In terms of diversification, it is more effective to reduce the risk by choosing securities with a low correlation. The correlation between two securities can be quantified with a value between 1 and -1, with 1 showing a perfect positive correlation (the securities prices tend to go in the same direction), while a correlation of -1 shows a perfect negative correlation (the securities prices tend to go in opposites directions), while a correlation 0 shows no correlation between the securities.

Modern Portfolio Theory

Efficient frontier in blue

Efficient frontier in blue*

The modern portfolio theory (MPT) defines how an investor can select optimal portfolios given a certain risk level.

Selection of an optimal portfolio can be done by plotting the portfolio expected return against the portfolio risk, the portfolio that has the highest return given a certain risk level is considered optimal, each one of these optimal portfolios given a risk level form what is called the efficient frontier.

Risk Management

The next step is to develop a good money management strategy, this is crucial toward trading more profitably. When you start trading, you can't simply start buying and selling securities using random position sizing or without having a precise risk/reward in mind, money management will help you have control over the risk you are willing to take and will improve your capital lifetime.

Position Sizing

The size of your position determines the number of contracts of a security you will purchase. There are various ways to size your positions, the best way being by taking into account your risk aversion. If you don't want to lose x percent of your capital you will then need to size your position accordingly.

You can determine the size of an investment based on the percentage of capital you are willing to risk, or base the size depending on if the market is volatile or not, using lower position when market is volatile to reduce risk.

Don't use aggressive position sizing strategies such as martingales, which might make you lose all your initially invested capital in a short amount of time.

Position Sizing With The Kelly Formula

The Kelly formula is used to determine the percentage of capital you can use for your position size based on past performances and is calculated as follows:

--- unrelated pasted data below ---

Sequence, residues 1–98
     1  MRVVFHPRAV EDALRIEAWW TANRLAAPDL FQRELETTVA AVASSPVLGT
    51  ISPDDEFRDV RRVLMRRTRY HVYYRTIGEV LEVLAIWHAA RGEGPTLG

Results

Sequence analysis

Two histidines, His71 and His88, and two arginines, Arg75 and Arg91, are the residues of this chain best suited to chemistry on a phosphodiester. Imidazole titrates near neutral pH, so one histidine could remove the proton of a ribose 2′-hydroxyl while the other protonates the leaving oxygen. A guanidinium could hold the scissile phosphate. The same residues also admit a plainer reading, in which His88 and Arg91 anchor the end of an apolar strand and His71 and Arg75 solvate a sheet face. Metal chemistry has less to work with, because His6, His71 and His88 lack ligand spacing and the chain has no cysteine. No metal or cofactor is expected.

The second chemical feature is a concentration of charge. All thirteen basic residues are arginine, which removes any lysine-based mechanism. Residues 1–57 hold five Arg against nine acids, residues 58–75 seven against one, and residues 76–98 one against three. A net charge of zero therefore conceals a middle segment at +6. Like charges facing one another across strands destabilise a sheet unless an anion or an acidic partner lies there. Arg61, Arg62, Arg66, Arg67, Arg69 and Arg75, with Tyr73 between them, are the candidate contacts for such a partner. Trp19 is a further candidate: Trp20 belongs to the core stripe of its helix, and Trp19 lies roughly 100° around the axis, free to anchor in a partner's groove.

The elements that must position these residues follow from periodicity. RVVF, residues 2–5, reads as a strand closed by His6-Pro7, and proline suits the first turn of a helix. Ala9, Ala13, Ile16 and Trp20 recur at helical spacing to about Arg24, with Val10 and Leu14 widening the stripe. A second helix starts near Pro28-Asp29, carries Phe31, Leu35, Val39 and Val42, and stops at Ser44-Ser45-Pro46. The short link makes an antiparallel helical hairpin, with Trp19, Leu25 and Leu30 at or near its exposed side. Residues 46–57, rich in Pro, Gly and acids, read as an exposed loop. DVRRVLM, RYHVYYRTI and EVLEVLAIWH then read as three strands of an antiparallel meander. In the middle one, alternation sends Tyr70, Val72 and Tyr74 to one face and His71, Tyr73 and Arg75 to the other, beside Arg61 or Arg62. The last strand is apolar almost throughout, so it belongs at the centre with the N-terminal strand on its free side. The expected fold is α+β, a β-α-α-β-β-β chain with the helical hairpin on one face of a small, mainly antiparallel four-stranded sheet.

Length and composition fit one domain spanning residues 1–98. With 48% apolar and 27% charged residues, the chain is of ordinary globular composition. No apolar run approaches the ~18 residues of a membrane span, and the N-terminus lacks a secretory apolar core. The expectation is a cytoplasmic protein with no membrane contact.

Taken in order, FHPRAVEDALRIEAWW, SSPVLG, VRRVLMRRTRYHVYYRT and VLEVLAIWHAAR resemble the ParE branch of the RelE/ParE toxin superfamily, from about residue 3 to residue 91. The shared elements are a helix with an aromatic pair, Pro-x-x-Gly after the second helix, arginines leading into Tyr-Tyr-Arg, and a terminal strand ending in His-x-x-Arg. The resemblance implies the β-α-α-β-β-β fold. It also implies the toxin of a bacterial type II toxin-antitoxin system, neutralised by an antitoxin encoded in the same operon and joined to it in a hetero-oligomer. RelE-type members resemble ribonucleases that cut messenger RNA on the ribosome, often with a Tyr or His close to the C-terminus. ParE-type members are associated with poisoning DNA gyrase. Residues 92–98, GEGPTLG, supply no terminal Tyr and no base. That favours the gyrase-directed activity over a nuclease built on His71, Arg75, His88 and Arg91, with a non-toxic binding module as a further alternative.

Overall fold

K = p - \dfrac{1-p}{r}K=p−r1−p​K=pr1−pK=pr1−p

Where K\times 100K×100K×100K×100 is the percentage of capital you can invest in a position,


the probability of a win, and


the ratio of win/losses. In order to get the probability of a win take a look at your past trades, and divide the number of winning trades by the total number of trades, this will give you


. To calculate


, divide the average gains by the average losses.

Note that this value can be negative, which implies that the average gains are lower than the average losses.

Stop Loss

Stop losses help you protect yourself against variations opposite from the one you had anticipated, trading without a stop loss exposes yourself to potentially volatile variations that will significantly affect your capital.

In general stop losses are set at a specific price level, once the price reaches this level, your current position will be closed. Some platforms also allow you to set the distance between the price and your stop loss based on a value in pips, dollars, or percentage.

A stop loss will be filled once it triggers, but this does not necessarily mean it will be filled at the price it was set! As such you might have additional losses you were not expecting.

Where To Place A Stop Loss?

Your initial capital and your risk aversion are the most important factors when it comes to placing a stop loss. If you can't afford a $10 loss, then place your stop loss in accordance, but there are also more factors to take into consideration.

Volatility is an important factor, when a trader is expecting volatile moves, placing a stop-loss too close to the price might trigger it too fast, thus generating an unnecessary loss. Place your stop loss in consideration with the price variation volatility. If you are willing to trade a more volatile move, you are willing to take more risk, as such give some headroom to your stop loss.

The trade horizon and profit target is also an important factor, long-term trades with a more significant profit target will require a more distant stop-loss.

Trailing Stop Loss

While a stop loss will protect you from loss, a trailing stop loss will also be able to protect your current profits. As its name suggests, a trailing stop loss is a stop loss whose level changes over time, and is often set a percentage away from the current price.


Significant gap on AMD

Significant gap on AMD*

A gap is a structure in price where the opening price is different from the previous closing price. Since gaps are often produced by the market reopening, they are frequent in the stock market and can occur in the forex market, while they are virtually non existent in the crypto market.

Gaps are extremely important to take into account as they might trigger a stop loss at a significantly different price, and as such, present additional risk! There are various solutions toward avoiding this problem, one being closing any positions before the market closes.

Take Profits

Like a stop loss, take profits allows a trader to close a position once a certain price level is reached, however as their name indicates, take profits execute for a profit, and not for a loss.

Do's & Don'ts


Use a position inferior or equal to 2% of your capital.

Have a defined trader profile.

Be aware of news to see where a security might become volatile.

Diversify your portfolio (3 securities minimum is recommended)

Have a robust money management strategy.

When trading trends, make sure to set your indicator settings such that you don't catch retracements in the trend, this can often be achieved by using higher settings.


Don't keep a losing position that exceeds your loss aversion.

Don't use aggressive position sizing strategies such as martingales.

Don't make impulsive trades based on non educated guess.

Avoid trading lower timeframes where frictional costs are more significant.